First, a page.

7.A.3 Stochastic Integral and Quadratic Variations (Benhamou, 2007) 310

7.A.4 Pricing, the Radon–Nykodim Derivative and Girsanov Theorem 311

7.A.5 Reducing a Dependent Vector to be Independent 312

References 314

8 Credit Risk and International Debt 315

Motivation 315

8.1 Introduction 315

8.2 Growth of Debt and Debt Dependency 317

8.3 Foreign Exchange is a Credit Bestowed to a Sovereign Entity 321

8.4 Credit and Global Risks 323

8.4.1 Country-Specific Risks 323

8.4.2 Foreign Exchange Risks 324

8.4.3 Credit Trading and Currency, Sovereign Bond Risks, Currency Stability 326

8.5 Credit Risk, Credit Derivatives, and Credit Default Swaps 330

8.6 Swaps 332

8.6.1 A Definition and Types of Swaps 332

8.6.2 The Theoretical Q-Price of Spread Options 334

8.6.3 A Swaps Pot-pourri 335

8.7 Credit Default Swaps and Securitized Volatility 338

8.8 Pricing Credit Risk 340

8.8.1 Reduced-Form Models 342

8.8.2 Credit Price and Debt Leverage: An Example 343

8.8.3 Utility and Credit, Debt Leverage and Reimbursement at the Second

Period 344

8.9 Debt, The Merton Model, and Default 347

8.9.1 The Merton Debt Model and Foreign Exchange 349

8.9.2 Market Pricing Debt and Credit Risk 350

8.9.3 Debt and Options: A Merton Continuous-Time Model 351

References 355

9 Globalization and Trade: A Changing World 358

Motivation 358

9.1 Introduction 358

9.1.1 Trade and Globalization: A Gated and Changing World 361

9.1.2 Trade and Comparative Risks 363

9.1.3 Inversion and Outsourcing 365

9.1.4 Trade and Risk Externalities 365

9.1.5 Globalization, Gating, and Strategic Trades 366

9.2 Tracking Trade and Globalization 368

9.3 Strategic Trade and Gating 375

9.3.1 Strategic Trade 375

9.3.2 Trade Models 377

9.4 A Multicountry Financial Consumption Utility 378

9.4.1 A One-Period Utility Model: The Consumption Demand Side 379

9.4.2 A One-Period Utility Model: The Supply Side 380

9.4.3 A One-Period Financialized Utility Cournot Model 384

9.4.4 The Cournot Multiperiod Financial Consumption 386

9.5 The Demand Sector and its Supply 388

9.6 Conclusions 390

References 391

10 Compliance and Financial Regulation 395

Motivation 395

10.1 Introduction 395

10.1.1 Regulation, Politics, and Geopolitics 397

10.1.2 Regulatory Risks, Finance, and Compliance 399

10.1.3 Regulation and Risks: Economic Literature 401

10.2 Regulation Risks 403

10.3 Regulation, Technology, and Compliance 405

10.3.1 Importance of Technology and Information 405

10.3.2 Regulation, Technology, and Complexity Risks 407

10.4 Statistical and Compliance Risks 407

10.4.1 Statistical Regulation and Compliance 409

10.4.2 Bernoulli Audits and Noncompliance 409

10.4.3 A Beta Probability Distribution of Noncompliance 410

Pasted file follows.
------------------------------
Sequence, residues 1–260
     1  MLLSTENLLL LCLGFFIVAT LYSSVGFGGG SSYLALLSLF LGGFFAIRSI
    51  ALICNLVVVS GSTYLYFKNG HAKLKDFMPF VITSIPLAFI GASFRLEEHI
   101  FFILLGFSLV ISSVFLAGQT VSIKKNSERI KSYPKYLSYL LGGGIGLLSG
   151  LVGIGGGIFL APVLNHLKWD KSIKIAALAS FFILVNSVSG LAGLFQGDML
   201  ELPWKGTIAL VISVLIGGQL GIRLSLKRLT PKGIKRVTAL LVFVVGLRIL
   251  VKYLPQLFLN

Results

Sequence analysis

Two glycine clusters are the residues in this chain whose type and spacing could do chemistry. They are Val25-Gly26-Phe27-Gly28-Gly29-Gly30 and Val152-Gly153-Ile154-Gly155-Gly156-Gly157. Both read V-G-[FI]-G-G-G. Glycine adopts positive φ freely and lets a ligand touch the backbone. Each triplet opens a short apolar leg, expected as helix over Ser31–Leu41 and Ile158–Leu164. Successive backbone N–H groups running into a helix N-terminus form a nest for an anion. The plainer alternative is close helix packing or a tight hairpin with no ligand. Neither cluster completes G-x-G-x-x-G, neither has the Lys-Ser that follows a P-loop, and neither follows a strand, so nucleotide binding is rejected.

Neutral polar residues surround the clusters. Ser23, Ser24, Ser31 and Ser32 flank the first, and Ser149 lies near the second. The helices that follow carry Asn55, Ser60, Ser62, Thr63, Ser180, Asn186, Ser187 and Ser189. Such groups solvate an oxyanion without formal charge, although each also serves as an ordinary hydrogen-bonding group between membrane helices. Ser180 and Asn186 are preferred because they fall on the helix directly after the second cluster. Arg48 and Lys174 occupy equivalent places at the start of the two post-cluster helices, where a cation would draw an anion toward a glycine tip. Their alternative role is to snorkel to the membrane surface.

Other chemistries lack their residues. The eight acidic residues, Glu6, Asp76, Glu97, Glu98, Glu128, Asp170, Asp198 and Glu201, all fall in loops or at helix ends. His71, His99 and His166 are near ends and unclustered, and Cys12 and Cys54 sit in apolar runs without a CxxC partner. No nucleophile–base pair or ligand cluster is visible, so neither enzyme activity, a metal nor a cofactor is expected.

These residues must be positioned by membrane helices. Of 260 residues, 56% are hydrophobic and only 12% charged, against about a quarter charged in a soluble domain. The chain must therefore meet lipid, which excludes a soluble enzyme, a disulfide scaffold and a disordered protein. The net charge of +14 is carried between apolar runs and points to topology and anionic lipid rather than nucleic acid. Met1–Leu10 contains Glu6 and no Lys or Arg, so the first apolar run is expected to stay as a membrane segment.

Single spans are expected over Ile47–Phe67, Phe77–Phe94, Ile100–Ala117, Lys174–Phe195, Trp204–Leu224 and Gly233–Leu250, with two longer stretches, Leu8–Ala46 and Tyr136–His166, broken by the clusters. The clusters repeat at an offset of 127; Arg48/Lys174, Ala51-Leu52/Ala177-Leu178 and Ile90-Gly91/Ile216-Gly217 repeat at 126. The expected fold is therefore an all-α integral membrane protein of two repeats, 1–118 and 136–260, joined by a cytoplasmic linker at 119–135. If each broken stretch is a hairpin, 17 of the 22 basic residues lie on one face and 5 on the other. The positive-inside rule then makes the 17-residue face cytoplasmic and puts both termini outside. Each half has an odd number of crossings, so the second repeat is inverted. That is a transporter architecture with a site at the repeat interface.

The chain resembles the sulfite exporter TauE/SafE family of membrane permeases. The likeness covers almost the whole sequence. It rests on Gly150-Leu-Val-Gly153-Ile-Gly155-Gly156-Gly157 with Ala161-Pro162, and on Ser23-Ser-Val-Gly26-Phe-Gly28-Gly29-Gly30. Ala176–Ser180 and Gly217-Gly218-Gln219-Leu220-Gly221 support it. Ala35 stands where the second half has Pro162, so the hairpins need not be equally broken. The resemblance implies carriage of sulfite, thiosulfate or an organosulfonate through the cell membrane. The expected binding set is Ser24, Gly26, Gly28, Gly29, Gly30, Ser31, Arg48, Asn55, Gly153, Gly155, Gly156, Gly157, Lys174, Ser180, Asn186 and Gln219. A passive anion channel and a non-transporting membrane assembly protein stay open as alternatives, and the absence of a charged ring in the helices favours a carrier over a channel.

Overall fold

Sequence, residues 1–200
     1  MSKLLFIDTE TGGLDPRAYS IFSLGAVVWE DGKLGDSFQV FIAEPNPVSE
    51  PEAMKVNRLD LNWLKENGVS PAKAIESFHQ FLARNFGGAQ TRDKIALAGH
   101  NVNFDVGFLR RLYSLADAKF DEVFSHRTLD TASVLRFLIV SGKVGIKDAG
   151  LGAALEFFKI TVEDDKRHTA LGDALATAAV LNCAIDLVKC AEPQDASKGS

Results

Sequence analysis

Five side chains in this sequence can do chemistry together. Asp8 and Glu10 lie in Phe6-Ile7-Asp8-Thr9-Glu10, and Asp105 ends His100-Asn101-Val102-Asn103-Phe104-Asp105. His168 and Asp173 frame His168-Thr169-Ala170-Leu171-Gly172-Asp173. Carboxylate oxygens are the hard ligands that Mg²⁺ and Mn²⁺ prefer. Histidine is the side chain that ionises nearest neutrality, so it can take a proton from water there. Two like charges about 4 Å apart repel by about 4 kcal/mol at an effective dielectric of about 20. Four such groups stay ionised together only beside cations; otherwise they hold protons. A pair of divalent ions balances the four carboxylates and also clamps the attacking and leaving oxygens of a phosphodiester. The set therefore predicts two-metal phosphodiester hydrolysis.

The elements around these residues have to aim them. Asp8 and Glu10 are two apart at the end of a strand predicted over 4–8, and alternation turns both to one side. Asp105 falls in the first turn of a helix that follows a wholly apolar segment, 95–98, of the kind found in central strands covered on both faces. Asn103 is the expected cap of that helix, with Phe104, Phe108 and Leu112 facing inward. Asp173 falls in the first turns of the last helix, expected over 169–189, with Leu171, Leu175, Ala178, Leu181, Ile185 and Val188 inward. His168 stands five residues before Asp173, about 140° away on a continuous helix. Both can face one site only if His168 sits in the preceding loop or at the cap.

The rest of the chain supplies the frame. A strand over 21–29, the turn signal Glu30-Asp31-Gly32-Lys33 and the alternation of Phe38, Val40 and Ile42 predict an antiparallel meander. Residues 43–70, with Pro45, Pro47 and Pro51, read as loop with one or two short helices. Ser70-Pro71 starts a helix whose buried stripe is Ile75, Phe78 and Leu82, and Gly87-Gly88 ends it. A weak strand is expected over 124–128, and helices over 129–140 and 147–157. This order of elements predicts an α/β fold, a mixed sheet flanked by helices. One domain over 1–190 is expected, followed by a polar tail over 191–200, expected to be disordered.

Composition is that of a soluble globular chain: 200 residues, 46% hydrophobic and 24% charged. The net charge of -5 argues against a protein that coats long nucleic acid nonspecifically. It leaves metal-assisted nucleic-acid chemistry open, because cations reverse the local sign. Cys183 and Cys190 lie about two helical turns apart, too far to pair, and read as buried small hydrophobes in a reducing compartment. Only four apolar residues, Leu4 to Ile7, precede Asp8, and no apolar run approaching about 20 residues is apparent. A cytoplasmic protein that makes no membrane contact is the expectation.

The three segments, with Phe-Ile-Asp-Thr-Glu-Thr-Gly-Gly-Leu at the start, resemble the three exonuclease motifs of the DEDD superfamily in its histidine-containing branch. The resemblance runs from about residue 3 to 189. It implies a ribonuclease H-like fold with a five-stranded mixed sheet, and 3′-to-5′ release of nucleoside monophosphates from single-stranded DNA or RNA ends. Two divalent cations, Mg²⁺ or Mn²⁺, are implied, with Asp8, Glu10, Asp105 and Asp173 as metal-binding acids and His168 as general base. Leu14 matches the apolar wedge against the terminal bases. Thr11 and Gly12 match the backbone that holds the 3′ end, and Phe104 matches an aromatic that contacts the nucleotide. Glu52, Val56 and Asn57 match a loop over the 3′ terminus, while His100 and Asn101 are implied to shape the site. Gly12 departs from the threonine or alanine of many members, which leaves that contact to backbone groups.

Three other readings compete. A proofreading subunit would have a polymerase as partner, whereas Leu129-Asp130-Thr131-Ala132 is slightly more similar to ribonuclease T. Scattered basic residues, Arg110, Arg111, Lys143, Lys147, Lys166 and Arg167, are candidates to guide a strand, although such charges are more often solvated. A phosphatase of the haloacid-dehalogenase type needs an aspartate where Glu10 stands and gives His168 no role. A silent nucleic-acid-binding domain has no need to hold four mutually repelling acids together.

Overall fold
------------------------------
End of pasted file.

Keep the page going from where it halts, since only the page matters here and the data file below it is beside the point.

10.4.4 Auditing a Bank for Compliance 410

10.4.5 The Persistent Regulator 411

10.4.6 The Beta Prime Model 412

10.4.7 The Logit and Beta Prime Compliance Models 414

10.5 A Multivariate Bernoulli Compliance and Audits 415

10.5.1 Bernoulli Compliance 415

10.5.2 Bernoulli and a Codependent Model 417

10.6 Regulation and Compliance Games 418

10.7 Satisficing Games and Regulation–Compliance 421

10.8 Conclusion 423

Appendix 10.A: Games, Risk and Uncertainty 423

Appendix 10.B: Concepts of Games and Risk 424

References 428

Index 000

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Author Information

UNURJARGAL NYAMBUU is a Professor of Economics in the Department of Social Science, New York City College of Technology (NYCCT), The City University of New York (CUNY), Brooklyn, NY.

CHARLES S. TAPIERO is the Topfer Chair Distinguished Professor of Financial Engineering and Technology Management, Department of Finance and Risk Engineering, Tandon School of Engineering, New York University (NYU), Brooklyn, NY.

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Reviews

As we enter the third millennium, information technology—by crushing the cost of communications—is accelerating the globalization of manufacturing, commerce, and especially finance thereby   morphing national financial markets into one huge, efficient global marketplace for capital. Indeed, the relentless rise of the digital cyber-economy is weakening the grip of the nation-state as government policies are subjected to a continuing referendum by financial markets. And yet diehard sovereigns are holding firmly to their prerogatives of having a national currency, a national regulatory framework, and a national tax code of their own and much more.  Nyambuu and Tapiero’s Globalization, Gating, and Risk Finance is a powerful recast of core international pricing models in a world of gated/segmented capital markets.  It redefined risks and opportunities in a world of incomplete financial globalization, and is a must read for savvy financiers and their apprentices in their everlasting quest of exploitable capital market abnormalities and imperfections.

Laurent JacqueWalter B. Wriston Professor of International Finance & Banking, The Fletcher School (Tufts University)

This book represents a major contribution to our understanding of the key issues currently facing the world economy and global financial markets. It can be highly recommended as a stand-alone textbook in international finance.  It can also serve as an essential reference for both academics and practitioners interested in going beyond the standard approaches that assume market integration.  This book is unique in providing both a lucid and rigorous exposure of the complexities of risk that pervade our world, where globalization is giving way to increased nationalism and protectionism.

Lorne N. Switzer, Professor of Finance and the Van Berkom Endowed Chair in Small Cap Equities, John Molson School of Business (JMSB) at Concordia University, Montreal, Canada